If you want to know whether you're gaining or losing weight, the scale doesn't lie. But choosing a scale these days can be a weighty task, to say the least. There are so many, some all about style, others about function. But how well do they work? Does expensive mean better? We decided to get an expert to give us the skinny on what's out there.
The bathroom scale has certainly come a long way, with many of today's models giving you more to ponder than pounds.
"There's tons of reasons to be healthy. You want to be a healthy body weight but it's not something you want to become obsessed about," says dietitian Kristen Herlocker.
Kristen says some can even measure your body fat, but that information isn't critical to weight loss. "I don't think it's that big of a focus on your body fat percentage. Definitely you want it as low as possible but it's not something that I think that the average person needs to be testing a day."
Along with function, comes form. Many of these devices are designed to be part of your decor.
"I do like the acrylic scale because it's stylish," says Michele Seda.
It all sounds nice but, in the end, what really counts?
"The thing I look for when buying a scale is accuracy," says Michele.
"I look for a scale that's going to be accurate," says Michael Tocca.
From intricate digital machines, to old-fashioned dial devices, which ones are pound perfect? We tried out three popular models: a Tanita digital scale- at 49.99, it measures body fat in addition to weight. A digital model by Health-O-Meter costs 39.99 and is strictly about weight and style. The cheapest of our bunch- a classic analog scale by Taylor for 9.99. We compared them to an official medical scale, with the help of doctor Denis Weinberg.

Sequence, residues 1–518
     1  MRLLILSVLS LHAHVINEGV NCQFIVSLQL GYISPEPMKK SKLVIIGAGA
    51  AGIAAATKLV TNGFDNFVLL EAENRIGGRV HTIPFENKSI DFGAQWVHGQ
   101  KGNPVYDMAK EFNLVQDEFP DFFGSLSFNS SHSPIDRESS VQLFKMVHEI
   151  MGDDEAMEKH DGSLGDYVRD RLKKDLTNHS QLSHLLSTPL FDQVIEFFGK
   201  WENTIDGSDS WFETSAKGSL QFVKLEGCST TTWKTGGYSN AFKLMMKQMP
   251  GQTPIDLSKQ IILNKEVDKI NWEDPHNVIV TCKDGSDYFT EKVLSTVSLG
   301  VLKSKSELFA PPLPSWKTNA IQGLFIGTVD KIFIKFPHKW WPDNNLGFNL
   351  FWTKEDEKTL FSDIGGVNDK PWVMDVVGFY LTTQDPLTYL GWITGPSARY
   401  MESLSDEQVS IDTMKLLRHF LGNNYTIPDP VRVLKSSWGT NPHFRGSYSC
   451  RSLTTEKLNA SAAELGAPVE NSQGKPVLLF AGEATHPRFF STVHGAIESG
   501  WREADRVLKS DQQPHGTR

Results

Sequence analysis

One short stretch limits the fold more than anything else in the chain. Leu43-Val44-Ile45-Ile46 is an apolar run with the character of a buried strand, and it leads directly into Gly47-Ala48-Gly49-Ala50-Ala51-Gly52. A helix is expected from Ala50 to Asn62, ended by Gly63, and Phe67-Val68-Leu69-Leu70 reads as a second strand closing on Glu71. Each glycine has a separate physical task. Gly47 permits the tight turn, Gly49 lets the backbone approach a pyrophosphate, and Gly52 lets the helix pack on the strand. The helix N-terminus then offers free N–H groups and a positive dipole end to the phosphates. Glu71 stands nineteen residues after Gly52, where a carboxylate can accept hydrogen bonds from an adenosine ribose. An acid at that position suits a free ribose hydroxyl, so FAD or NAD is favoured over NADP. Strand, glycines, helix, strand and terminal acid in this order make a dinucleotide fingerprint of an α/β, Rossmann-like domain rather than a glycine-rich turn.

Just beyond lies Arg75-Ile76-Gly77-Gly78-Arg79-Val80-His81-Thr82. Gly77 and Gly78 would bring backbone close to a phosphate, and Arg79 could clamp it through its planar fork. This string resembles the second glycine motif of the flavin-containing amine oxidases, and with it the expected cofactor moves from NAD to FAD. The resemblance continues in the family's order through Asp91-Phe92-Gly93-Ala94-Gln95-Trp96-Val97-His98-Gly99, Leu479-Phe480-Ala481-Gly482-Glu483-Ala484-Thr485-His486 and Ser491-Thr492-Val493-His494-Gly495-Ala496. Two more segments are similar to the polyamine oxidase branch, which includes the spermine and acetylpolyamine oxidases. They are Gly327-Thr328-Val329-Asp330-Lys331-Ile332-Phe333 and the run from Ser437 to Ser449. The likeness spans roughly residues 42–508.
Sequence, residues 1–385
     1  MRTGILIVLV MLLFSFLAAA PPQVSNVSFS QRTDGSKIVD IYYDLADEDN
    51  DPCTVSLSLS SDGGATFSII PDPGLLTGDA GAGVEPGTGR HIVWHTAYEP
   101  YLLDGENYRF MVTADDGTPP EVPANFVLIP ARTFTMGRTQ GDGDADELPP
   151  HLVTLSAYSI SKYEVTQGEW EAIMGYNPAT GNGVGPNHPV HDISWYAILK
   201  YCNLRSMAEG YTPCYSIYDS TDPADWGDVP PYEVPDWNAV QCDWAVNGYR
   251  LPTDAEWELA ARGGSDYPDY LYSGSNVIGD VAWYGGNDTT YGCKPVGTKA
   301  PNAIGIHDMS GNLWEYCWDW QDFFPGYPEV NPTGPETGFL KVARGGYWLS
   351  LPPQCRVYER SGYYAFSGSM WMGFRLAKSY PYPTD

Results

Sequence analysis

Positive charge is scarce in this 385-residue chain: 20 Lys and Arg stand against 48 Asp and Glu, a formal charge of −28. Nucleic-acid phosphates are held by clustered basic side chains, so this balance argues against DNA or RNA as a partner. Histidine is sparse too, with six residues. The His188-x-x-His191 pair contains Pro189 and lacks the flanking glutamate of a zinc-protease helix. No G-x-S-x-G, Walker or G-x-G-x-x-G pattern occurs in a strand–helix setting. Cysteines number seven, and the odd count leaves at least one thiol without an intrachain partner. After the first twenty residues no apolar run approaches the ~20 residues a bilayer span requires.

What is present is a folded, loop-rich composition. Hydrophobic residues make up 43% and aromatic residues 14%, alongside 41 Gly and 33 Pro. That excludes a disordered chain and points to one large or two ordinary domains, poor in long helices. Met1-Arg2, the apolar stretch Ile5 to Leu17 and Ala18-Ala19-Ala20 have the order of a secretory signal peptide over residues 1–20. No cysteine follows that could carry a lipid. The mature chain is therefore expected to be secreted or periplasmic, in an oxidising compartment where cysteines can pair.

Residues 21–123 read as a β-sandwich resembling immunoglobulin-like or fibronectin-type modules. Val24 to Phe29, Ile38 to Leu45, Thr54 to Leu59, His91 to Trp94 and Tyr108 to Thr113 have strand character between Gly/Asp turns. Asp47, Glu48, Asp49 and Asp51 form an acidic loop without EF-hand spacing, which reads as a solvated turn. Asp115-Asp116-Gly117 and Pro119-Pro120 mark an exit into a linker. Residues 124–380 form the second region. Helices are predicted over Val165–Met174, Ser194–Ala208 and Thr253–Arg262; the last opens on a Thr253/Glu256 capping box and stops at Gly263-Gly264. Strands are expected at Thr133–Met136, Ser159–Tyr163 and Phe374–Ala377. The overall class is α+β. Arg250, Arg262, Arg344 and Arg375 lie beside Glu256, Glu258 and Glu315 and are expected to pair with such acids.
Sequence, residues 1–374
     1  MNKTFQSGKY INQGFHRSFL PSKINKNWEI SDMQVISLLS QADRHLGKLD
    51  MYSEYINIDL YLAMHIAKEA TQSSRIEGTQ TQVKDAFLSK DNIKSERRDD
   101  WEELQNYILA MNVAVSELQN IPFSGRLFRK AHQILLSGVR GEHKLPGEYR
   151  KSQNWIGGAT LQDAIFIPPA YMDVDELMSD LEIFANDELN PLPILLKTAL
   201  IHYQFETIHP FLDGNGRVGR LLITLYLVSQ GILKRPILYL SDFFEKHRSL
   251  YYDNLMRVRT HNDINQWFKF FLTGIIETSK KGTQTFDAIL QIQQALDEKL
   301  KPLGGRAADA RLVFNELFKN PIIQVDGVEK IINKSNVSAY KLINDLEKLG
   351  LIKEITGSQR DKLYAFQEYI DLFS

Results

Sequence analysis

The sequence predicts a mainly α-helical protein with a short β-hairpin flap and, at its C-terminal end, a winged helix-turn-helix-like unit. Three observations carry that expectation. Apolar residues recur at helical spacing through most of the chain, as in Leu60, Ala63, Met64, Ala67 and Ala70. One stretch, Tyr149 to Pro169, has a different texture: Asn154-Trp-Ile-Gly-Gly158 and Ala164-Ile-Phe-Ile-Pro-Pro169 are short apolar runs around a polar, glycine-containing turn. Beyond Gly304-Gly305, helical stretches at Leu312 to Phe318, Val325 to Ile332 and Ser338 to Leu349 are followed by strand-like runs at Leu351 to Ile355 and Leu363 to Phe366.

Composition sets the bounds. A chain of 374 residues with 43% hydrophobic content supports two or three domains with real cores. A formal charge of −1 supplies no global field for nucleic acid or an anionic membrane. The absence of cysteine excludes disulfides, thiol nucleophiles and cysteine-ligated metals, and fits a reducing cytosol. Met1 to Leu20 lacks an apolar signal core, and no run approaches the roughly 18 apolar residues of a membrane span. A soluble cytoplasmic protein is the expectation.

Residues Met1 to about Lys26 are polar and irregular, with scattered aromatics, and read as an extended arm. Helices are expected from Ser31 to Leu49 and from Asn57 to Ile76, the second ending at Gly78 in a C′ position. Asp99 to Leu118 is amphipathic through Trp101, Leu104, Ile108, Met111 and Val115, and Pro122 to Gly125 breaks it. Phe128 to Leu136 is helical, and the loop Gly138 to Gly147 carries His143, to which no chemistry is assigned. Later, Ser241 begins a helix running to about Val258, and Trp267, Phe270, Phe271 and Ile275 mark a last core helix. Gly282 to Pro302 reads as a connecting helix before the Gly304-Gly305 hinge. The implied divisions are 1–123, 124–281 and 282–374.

Our testers, Michael and Michele, first weighed in on the doctor's scale, followed by our three test models. The results? The Tanita was right on the money for Michael and only about a half pound off for Michele. The Health-O-Meter, was off six tenths and two tenths respectively.. The most inexpensive scale, the Taylor, was off one pound with Michael, only a half pound for Michele.
Doctor Weinberg says he's pleasantly surprised by the findings. "I thought the run of the mill scale would be less accurate, and it turned out to be as accurate as the scales with the bells and the whisltes."
But, despite those slightly "off" fat readings, our testers are sold.
"I'll buy one that does the weight and the body fat. I might actually go out and get one," says Michele.
But which ever scale you choose, our dietitian has a few tips. "The thing I try to encourage patients to do is just weigh once a week preferably in the morning and just do it once a week and track it at home that way. "
Tanita, the company that makes the scale with the fat monitor, says if you have a pacemaker, you should not use the body fat monitor feature on the scale. The body fat feature passes a low-level electrical signal through the body and may interfere with the operation of the pacemaker.